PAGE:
Accessible Website’s: Why you should have one and how to properly design it.

Keyboard with wheelchair key

We live in a world where we’re dependent on the world wide web for everything we do. Think about it: How do you do your banking? Where do you do your shopping for your groceries, clothing, and everything else under the sun? How do you stay in touch with your friends and family? Where do you go to book your entire vacation?

The internet is a constant resource for most people, but for those living with a disability, accessing websites to get all that information is not always a given.  Often, a website is not accessible to people with a disability.

Web accessibility means that websites, tools, and technologies are designed and developed so that people with disabilities can use them.

According to the American Institutes for Research, approximately 1 in 5 people in the United States, or 64 million, identify as individuals with disabilities. Suppose you are not making your web content fully accessible. In that case, you are potentially missing out on 20% of your audience.  Worldwide, businesses are missing out on approximately one billion people who, depending on their abilities, may not be able to buy their product, book a vacation, enjoy their video, navigate their website, read their documents, make reservations, and more.

In addition, the Americans with Disabilities Act (ADA) requires certain businesses to make accommodations for people with disabilities, including such measures as wheelchair accessibility to physical locations, access for service animals, and the use of braille. In addition to these material considerations, in most Jurisdictions, Title III of the ADA requires businesses to maintain an accessible website. Failing to comply with the ADA means your business is susceptible to lawsuits, and it’s common for attorneys to seek out non-compliant companies both in the physical and digital space.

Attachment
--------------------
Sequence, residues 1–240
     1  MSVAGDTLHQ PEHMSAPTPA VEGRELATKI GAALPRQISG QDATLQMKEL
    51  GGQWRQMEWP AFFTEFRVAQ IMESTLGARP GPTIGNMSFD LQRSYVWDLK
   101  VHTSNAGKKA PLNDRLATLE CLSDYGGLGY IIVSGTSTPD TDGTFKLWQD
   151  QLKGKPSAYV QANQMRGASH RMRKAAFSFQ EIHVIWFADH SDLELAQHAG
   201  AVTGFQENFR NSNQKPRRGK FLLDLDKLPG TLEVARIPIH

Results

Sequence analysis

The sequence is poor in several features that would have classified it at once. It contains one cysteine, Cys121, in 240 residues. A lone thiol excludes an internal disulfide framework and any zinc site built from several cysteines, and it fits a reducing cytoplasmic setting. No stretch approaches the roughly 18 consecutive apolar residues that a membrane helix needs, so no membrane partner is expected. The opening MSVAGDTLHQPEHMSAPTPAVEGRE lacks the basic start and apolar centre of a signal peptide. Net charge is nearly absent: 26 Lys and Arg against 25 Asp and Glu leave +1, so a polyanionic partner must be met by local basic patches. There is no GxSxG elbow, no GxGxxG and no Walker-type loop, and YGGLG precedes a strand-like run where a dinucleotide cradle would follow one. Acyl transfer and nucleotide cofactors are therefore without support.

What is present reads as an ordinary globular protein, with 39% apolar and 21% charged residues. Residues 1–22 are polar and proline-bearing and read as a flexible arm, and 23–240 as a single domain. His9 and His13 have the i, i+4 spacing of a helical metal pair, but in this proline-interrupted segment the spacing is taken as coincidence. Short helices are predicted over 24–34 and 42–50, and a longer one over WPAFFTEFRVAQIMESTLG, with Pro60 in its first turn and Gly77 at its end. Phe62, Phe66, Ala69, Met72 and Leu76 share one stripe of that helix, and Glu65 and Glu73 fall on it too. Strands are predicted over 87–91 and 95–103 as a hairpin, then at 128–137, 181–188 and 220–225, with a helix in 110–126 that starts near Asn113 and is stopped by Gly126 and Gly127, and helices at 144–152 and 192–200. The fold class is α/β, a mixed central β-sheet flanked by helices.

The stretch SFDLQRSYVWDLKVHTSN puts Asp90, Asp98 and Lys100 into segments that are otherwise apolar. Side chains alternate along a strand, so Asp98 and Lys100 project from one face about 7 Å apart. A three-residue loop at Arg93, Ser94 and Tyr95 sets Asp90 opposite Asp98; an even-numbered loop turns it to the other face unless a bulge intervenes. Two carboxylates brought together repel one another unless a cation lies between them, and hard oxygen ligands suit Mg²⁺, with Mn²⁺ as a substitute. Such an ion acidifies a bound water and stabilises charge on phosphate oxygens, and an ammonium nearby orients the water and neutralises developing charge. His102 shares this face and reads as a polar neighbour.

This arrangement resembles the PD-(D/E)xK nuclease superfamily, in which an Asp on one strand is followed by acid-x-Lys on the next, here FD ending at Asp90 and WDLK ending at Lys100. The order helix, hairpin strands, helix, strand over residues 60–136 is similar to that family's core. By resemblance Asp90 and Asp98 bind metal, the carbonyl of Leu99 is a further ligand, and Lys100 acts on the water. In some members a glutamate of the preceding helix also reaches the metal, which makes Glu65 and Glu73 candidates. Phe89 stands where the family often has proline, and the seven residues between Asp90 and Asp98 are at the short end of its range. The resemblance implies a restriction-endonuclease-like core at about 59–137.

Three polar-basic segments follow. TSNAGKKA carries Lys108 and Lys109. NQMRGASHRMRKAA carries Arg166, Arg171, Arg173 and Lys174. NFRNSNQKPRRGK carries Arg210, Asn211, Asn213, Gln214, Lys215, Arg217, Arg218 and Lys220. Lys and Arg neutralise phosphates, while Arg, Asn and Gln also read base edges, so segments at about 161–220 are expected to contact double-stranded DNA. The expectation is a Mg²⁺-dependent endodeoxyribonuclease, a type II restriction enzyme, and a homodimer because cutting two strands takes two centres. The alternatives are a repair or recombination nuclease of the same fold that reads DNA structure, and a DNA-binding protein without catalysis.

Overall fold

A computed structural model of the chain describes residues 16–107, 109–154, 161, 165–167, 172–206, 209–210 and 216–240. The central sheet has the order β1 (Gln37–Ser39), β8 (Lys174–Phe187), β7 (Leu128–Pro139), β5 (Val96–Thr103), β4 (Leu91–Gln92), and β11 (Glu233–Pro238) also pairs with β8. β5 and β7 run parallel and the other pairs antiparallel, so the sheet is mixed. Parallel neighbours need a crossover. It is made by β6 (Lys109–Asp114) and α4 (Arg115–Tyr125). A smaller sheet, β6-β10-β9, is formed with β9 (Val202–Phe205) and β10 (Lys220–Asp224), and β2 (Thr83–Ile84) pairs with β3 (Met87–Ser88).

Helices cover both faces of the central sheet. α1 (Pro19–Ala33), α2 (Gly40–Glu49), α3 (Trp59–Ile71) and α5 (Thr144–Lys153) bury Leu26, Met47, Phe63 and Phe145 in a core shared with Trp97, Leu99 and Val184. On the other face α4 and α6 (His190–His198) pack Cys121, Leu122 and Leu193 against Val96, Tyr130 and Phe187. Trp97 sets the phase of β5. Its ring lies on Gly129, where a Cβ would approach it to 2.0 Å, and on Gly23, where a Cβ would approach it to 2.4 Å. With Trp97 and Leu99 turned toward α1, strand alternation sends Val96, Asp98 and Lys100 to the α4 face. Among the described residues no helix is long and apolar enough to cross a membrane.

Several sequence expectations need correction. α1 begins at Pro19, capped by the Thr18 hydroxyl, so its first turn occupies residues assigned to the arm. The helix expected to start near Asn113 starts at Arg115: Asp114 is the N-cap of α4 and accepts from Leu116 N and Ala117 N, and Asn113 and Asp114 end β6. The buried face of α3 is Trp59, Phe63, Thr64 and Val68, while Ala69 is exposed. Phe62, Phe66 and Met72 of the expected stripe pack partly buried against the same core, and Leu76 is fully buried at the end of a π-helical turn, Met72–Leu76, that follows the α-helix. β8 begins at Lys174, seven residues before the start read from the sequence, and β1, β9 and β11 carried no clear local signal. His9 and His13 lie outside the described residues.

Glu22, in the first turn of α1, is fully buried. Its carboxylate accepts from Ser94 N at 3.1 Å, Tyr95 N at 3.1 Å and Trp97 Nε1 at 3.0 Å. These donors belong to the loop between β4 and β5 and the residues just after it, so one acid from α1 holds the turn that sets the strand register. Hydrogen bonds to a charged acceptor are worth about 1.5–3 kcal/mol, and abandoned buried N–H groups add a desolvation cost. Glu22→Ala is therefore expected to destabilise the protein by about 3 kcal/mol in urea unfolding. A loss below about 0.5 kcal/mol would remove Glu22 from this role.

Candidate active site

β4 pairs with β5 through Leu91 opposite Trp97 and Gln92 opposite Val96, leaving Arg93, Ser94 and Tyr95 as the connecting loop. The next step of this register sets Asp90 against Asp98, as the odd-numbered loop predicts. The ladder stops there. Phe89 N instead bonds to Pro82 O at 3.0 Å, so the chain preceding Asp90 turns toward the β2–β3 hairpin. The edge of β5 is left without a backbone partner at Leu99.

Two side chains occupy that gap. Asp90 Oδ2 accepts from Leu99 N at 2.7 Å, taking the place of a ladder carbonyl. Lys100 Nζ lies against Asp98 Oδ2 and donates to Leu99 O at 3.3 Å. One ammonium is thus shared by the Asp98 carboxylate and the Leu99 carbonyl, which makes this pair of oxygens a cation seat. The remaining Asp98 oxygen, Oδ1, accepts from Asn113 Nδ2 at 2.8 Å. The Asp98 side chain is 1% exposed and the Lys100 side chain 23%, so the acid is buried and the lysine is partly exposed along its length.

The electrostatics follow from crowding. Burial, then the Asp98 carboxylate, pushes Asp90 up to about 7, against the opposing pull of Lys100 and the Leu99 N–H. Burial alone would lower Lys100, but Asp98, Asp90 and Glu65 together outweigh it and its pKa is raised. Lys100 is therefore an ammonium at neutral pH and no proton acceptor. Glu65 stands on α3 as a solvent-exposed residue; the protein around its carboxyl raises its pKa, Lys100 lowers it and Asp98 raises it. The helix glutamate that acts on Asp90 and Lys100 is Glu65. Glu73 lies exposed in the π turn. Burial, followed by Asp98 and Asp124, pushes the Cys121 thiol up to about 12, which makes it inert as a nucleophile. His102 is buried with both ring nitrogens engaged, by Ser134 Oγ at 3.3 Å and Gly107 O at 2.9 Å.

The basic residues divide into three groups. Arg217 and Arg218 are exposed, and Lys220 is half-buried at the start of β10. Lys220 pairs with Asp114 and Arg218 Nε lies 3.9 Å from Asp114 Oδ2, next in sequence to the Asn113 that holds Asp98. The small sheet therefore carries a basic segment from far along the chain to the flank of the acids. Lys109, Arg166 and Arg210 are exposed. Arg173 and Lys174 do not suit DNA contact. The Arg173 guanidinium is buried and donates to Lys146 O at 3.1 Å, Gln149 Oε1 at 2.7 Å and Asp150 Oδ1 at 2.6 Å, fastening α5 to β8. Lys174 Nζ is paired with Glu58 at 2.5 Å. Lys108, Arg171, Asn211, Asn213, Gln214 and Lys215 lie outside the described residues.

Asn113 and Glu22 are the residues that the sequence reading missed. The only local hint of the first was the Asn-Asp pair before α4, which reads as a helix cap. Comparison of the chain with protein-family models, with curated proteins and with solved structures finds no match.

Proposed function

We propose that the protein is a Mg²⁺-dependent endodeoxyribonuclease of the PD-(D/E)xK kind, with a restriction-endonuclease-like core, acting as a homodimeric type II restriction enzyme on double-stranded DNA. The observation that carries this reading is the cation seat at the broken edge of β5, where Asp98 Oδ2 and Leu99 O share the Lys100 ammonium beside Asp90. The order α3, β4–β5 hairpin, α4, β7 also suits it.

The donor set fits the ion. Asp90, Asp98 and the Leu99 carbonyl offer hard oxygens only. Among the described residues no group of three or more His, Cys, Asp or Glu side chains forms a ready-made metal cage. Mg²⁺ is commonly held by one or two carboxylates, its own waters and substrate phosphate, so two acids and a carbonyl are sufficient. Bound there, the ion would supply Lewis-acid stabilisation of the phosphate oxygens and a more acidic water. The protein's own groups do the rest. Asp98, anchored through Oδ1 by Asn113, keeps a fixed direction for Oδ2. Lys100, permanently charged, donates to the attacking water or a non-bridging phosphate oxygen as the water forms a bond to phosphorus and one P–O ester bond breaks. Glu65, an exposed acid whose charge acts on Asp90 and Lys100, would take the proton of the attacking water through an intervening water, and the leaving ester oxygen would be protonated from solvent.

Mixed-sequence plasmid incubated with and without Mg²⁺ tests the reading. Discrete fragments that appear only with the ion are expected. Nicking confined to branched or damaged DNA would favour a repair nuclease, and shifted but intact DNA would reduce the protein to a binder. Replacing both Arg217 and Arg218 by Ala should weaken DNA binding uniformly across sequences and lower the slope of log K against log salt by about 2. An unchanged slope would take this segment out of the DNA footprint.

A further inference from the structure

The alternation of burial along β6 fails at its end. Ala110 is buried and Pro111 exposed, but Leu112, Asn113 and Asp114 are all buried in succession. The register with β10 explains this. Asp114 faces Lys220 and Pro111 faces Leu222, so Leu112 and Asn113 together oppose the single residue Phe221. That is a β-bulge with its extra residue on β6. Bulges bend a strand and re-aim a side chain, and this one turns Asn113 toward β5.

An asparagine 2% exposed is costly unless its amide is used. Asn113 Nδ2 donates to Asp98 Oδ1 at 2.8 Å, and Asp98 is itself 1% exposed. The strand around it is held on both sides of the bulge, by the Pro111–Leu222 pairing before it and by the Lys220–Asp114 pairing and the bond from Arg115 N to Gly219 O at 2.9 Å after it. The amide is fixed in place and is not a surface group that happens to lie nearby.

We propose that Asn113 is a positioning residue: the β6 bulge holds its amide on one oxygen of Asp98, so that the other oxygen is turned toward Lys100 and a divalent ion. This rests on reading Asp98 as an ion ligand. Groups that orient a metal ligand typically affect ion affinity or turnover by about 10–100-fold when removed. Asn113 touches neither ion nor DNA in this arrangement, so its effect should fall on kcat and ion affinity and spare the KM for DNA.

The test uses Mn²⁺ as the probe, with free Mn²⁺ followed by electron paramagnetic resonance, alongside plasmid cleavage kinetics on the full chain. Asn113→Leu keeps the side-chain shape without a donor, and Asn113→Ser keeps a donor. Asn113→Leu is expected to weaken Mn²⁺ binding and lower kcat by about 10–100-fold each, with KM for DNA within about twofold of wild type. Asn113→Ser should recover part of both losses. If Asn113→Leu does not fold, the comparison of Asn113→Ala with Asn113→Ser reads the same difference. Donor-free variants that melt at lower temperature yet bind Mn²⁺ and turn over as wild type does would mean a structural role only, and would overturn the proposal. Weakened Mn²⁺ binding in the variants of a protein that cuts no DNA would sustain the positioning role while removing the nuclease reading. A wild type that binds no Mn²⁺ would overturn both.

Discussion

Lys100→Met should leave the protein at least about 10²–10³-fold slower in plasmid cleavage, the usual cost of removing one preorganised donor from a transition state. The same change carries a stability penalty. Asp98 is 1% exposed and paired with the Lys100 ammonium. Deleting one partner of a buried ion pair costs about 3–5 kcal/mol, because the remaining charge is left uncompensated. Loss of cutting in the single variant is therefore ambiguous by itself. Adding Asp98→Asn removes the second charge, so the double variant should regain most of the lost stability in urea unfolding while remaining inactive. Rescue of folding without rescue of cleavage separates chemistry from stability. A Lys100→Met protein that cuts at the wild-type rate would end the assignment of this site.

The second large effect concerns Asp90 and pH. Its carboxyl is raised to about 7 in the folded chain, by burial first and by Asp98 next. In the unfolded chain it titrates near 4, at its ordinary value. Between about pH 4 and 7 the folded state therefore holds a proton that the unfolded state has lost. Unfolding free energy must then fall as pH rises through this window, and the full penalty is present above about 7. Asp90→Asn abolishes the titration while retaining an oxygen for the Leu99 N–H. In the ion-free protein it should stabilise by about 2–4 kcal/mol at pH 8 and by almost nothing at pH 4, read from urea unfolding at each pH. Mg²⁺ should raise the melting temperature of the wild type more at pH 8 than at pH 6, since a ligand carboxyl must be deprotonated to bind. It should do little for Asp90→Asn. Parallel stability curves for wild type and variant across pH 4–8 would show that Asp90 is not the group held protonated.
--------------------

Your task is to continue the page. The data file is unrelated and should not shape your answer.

Only through website compliance can you avoid or properly settle ADA Compliant Website Lawsuits.

How to Properly Design an Accessible Website.

The Web Content Accessibility Guidelines (WCAG) are part of a series of web accessibility guidelines published by The World Wide Web Consortium (W3C) Web Accessibility Initiative (WAI).

The guidelines and Success Criteria are organized around the following four principles, which lay the foundation necessary for anyone to access and use Web content.

Anyone or business that has a website must adhere to the following 4 WCAG Accessibility principles to be Compliant:

Principle 1: PERCEIVABLE – Typography, Images, Audio, and Video.

Principle 2: OPERABLE – Interfaces and Navigation, Keyboard Navigation, Progressive Enhancement

Principle 3: UNDERSTANDABLE – Be Simple and Explicit, Avoid Assumptions

Principle 4: ROBUST – Semantic Markup, Responsive Design

Each of the four accessibility principles listed above can be measured using a success criteria level. This can be:

  • A: The minimum requirement for accessibility
  • AA: A medium or good level of accessibility
  • AAA: The gold standard of accessibility

Level AA is what is required in most jurisdictions under Federal Case Law.

W3C already develops extensive best practices to create an accessible and compliant online presence. This includes, but is not limited to:

  1. Make Sure your website works with only using the keyboard. many assistive technologies rely on keyboard-only navigation
  2. Add Alt (alternative) text to all images: screen readers also access alt text to “read” the picture. Use this field to describe an idea, giving context to users who would otherwise miss it.
  3. Use proper color contrast: making sure text stands out against the background, make sure the colors you select on your site contrast well to ensure that everyone can distinguish between various elements on the page. Here is a color contrast tool you can use: like Contrast Checker
  4. Use Logical Headers: Nest headings by their rank (or level). The most important heading has the rank 1 (<h1>), the least important heading rank 6 (<h6>). Headings with an equal or higher rank start a new section; headings with a lower rank start new subsections that are part of the higher-ranked section. Heading ranking tutorial
  5. Including closed captioning

While many of the guidelines are presented as a checklist, a professional website accessibility company will warn you against just looking at these criteria like boxes to be checked off. Working with a certified professional company in website accessibility and compliance is much better at identifying with the users these criteria target and results in more empathetic and effective design decisions.

Suppose you are interested in learning more about website accessibility and compliance. In that case, you can visit ADA WebGuard’s Website or call at 833-232-9321 and talk with one of ADA WebGuard’s certified consultants in web accessibility.